As the winter months gave way to spring this past offseason, one of the Yankees' few outstanding questions was at third base. Would the team re-sign free agent Todd Frazier, a seasoned veteran who came to the Bronx for the home stretch of the 2017 season and made a positive impact in the clubhouse and on the field? Or would the team instead look to another free-agent option, maybe All-Star Mike Moustakas, who hit 38 home runs last season in Kansas City? Trading with the division-rival Baltimore Orioles for three-time All-Star Manny Machado, a soon-to-be-free agent, wasn't even out of the question.
But from the first workout in Tampa, Florida, Miguel Andujar, a 22-year-old from the Dominican Republic, was intent on competing for -- and claiming -- the job. Andujar, who signed with the organization as a teenager, hit the cover off the ball in March, impressing the team's brass just about every time he stepped on the field. But despite Andujar's efforts, when the team broke camp, it was Brandon Drury -- a young player who had proven himself over the last two-plus seasons with the Arizona Diamondbacks before a February trade to New York -- who got the nod.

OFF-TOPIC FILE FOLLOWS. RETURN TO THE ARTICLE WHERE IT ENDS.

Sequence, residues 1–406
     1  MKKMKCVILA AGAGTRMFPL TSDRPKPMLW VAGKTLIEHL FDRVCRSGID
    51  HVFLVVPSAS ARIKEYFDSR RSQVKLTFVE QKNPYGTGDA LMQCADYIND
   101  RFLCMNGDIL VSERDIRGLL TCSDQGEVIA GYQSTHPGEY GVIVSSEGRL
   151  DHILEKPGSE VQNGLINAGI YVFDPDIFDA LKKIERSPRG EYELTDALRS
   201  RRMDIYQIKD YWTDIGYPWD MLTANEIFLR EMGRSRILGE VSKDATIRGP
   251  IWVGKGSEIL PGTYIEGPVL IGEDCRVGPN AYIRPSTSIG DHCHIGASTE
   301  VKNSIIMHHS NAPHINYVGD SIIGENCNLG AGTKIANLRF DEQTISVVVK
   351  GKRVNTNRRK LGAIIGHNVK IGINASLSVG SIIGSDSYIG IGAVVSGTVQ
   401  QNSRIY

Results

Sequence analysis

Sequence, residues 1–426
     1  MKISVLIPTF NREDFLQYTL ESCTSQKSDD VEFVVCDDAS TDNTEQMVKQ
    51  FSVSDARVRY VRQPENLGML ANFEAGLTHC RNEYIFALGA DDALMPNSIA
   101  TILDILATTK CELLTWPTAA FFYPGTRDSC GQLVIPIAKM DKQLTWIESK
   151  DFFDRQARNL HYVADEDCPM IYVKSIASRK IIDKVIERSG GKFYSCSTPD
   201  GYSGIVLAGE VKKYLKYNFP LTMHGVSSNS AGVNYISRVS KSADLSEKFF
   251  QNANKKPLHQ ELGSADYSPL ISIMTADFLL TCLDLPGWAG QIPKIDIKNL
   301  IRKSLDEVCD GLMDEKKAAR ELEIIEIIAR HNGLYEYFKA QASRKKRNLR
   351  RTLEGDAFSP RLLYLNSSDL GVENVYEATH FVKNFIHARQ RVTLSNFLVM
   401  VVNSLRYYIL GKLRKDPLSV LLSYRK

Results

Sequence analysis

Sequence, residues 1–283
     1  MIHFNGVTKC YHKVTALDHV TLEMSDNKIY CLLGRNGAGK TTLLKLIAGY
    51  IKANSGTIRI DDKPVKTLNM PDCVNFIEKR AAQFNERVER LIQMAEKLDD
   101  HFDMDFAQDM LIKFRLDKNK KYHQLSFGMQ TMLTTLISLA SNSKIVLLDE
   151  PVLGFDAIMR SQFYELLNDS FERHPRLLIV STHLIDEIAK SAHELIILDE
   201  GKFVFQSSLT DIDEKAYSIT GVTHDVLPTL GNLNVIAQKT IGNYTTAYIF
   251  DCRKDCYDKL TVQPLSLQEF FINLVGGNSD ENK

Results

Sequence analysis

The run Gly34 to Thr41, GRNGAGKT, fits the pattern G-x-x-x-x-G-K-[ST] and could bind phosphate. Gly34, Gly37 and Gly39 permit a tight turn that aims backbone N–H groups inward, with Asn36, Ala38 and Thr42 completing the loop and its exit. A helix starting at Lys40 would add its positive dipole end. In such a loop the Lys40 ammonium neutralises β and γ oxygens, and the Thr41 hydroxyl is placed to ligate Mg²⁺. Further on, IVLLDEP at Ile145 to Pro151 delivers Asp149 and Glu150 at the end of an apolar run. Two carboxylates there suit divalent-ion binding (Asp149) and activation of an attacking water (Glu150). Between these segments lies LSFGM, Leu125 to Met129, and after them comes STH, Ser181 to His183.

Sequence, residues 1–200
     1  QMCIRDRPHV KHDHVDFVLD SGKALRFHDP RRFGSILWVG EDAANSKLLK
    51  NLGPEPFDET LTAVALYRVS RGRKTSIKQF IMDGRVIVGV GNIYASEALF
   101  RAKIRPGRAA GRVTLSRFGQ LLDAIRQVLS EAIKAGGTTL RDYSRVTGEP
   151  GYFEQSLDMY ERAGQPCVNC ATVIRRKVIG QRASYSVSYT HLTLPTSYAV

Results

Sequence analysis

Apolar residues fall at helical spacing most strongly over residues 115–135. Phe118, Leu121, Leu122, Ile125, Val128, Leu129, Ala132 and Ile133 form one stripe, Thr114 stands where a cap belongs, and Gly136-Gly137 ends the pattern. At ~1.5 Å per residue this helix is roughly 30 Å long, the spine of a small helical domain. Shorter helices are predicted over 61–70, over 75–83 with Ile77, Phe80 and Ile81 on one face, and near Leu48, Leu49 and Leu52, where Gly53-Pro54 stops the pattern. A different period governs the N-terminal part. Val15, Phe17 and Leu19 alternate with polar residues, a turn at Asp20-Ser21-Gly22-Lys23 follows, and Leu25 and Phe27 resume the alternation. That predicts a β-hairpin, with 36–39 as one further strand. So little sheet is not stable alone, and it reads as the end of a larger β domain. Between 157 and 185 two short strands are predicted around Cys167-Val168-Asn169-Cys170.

Things changed just a few days into the regular season, though. Andujar was called up on April 1, and a few days later, Drury was sidelined with migraine headaches. The rookie struggled out of the gate, but since finding his swing, he has not looked back. As of mid-August, Andujar was batting .296 with 19 home runs, 59 RBI and 34 doubles, numbers that will undoubtedly earn him some consideration for the American League Rookie of the Year Award, along with fellow Yankees infielder Gleyber Torres and the Angels' Shohei Ohtani. Andujar's emergence at the plate made other third-base options expendable, and Drury was dealt to the Toronto Blue Jays in a package that yielded the Yankees starting pitcher J.A. Happ.
Andujar sat down with Yankees Magazine editor-in-chief Alfred Santasiere III in the visiting dugout at Fenway Park in early August to discuss his first four months in the bigs (notwithstanding eight plate appearances in 2017). Marlon Abreu, the team's bilingual media relations coordinator, interpreted the interview from Andujar's native Spanish.
Thinking back on your first two seasons in the Yankees organization, what were the most challenging aspects about that time in rookie ball?